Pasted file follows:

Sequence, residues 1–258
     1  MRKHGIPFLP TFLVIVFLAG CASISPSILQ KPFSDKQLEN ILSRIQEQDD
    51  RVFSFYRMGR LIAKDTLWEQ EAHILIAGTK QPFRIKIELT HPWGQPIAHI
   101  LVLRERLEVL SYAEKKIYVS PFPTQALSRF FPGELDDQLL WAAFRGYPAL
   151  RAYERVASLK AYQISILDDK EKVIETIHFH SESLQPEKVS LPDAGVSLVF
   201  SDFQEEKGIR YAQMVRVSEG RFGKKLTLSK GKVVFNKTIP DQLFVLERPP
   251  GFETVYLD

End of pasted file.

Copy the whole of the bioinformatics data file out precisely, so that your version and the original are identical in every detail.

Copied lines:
Sequence, residues 1–258
     1  MRKHGIPFLP TFLVIVFLAG CASISPSILQ KPFSDKQLEN ILSRIQEQDD
    51  RVFSFYRMGR LIAKDTLWEQ EAHILIAGTK QPFRIKIELT HPWGQPIAHI
   101  LVLRERLEVL SYAEKKIYVS PFPTQALSRF FPGELDDQLL WAAFRGYPAL
   151  RAYERVASLK AYQISILDDK EKVIETIHFH SESLQPEKVS LPDAGVSLVF
   201  SDFQEEKGIR YAQMVRVSEG RFGKKLTLSK GKVVFNKTIP DQLFVLERPP
   251  GFETVYLD